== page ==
Taxing grad students could cut into research funds
By Amanda Miller|December 1, 2017
Bill sponsor hints grad student tax is negotiable
The top proponent of a Republican tax plan that would raise taxes on university graduate assistants is expressing flexibility about the provision amid student protests and warnings from administrators about its impacts on the cost of research and a possible chilling effect on American competitiveness.
Republicans in Congress have advanced two versions of the Tax Cuts and Jobs Act. A version passed by the House of Representatives before Thanksgiving would count a grad student’s reduced or waived tuition as income following the fifth year of post-secondary education, with the amount partially taxed that fifth year. The Senate version does not contain the provision.
If the House provision were to become law, “funding agencies” — typically corporations and government organizations — “will have to give us more money, or if they don’t give us more money, less research will get done,” says Marc Mignolet, who heads the aerospace and mechanical engineering graduate programs at Arizona State University. Mignolet’s program has about 300 master’s degree students, and 150 pursuing doctorates, many of whom have research assistantships.
In an industry in which a new engineering grad with a bachelor’s degree can earn $60,000 a year, it’s already a big challenge to recruit graduate students to live on a stipend of $25,000, Mignolet says. He suspects that the only way to counteract the effects of the tax proposal in Washington would be to raise the students’ living stipends — also frequently paid under the research grant the student was brought in to support.
U.S. Rep. Diana DeGette, D-Colo., addressed the House plan during the AIAA-Rocky Mountain Section’s Annual Technical Symposium in November in her Denver district. DeGette described the provision as “just outrageous and overly burdensome on people we need in our economy.”
“It would cause tax burdens for many graduate students to go up something like $10,000,” DeGette said. “It’s difficult to see how anybody could actually take a position as a graduate assistant if you have to pay that burdensome amount of taxes.”
Grad students across the country walked out onto their university lawns Nov. 29 to protest the proposed tax increase.
The sponsor of the House version of the bill, Rep. Kevin Brady, R-Texas, said in an appearance Nov. 28 at the American Enterprise Institute think tank that “there may be” some flexibility in the House regarding the graduate student provision.
“We’re hearing from lawmakers that this provision at the university level is an important one,” he said in the appearance, according to a video. “So, as we move forward with the Senate in a conference committee, we’re going to address issues like that.”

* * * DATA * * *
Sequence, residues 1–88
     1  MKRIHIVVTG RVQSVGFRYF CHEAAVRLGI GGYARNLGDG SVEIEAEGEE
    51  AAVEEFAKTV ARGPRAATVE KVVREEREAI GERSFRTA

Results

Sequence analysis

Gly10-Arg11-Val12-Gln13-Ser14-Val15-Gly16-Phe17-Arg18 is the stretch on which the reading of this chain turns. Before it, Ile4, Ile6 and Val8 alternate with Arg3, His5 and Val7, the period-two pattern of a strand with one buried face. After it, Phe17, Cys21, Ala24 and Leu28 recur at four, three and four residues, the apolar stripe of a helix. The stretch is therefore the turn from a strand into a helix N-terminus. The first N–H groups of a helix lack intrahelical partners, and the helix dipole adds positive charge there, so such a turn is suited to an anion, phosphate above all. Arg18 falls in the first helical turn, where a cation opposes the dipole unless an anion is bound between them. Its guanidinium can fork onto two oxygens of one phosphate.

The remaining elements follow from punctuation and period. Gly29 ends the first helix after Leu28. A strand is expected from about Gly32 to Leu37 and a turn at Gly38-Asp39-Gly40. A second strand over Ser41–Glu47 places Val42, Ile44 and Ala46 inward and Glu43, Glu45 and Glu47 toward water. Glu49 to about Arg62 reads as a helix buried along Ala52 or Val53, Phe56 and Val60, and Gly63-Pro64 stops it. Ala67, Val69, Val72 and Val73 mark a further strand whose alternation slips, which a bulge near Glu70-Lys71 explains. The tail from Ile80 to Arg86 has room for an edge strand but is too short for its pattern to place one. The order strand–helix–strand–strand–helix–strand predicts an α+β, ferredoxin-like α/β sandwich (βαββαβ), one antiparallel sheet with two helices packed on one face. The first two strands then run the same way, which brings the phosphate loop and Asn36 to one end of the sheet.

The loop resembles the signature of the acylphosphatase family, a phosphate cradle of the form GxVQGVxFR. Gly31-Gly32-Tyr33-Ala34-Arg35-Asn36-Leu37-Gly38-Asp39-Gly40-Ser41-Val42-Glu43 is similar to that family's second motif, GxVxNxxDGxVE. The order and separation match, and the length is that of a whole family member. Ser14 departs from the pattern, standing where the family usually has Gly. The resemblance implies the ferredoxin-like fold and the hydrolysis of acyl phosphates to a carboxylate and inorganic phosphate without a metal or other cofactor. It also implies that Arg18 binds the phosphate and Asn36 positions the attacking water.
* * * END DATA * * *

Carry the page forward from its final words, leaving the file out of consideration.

Fairness was the motivation for the proposal to tax graduate students, Brady said. He asked the audience to imagine a graduate student who today gets tax-free tuition assistance from a university. “If you’re that same student, pursuing that same degree, but you’re working across the street at a company, trying to earn the money for that tuition, and working very hard — well, you’re taxed for every dime of it. So, in the past, there’s been a question of, ‘Well, wait a minute, is that fair?’ Same type of people, pursuing the same great degrees, working really hard, one tax-free, one not.”
Others suggested there could be unintended consequences if the proposal were to become law. A fact sheet by the American Council on Education characterizes the existing tax approach as “crucial” to STEM fields, reporting that science, technology, engineering and math account for degrees of more than half of graduate students who don’t pay tax on their tuition waivers.
The National Association of Graduate-Professional Students predicts that the provision would disincentivize attending graduate school and make the U.S. less economically competitive, a view shared by Mignolet at Arizona State.
“The work that we do that is supposed to advance the capabilities — of companies, especially — is going to get reduced, so the competitive edge of the United States, in the long run, would probably decrease,” Mignolet said.
“What we’re going to have to do, if it somehow makes it into the final bill, is we’re going to have to regroup at the state level,” DeGette said.
“We’re hearing from lawmakers that this provision at the university level is an important one. So, as we move forward with the Senate in a conference committee, we’re going to address issues like that.”Rep. Kevin Brady, R-Texas, sponsor of the House version of the bill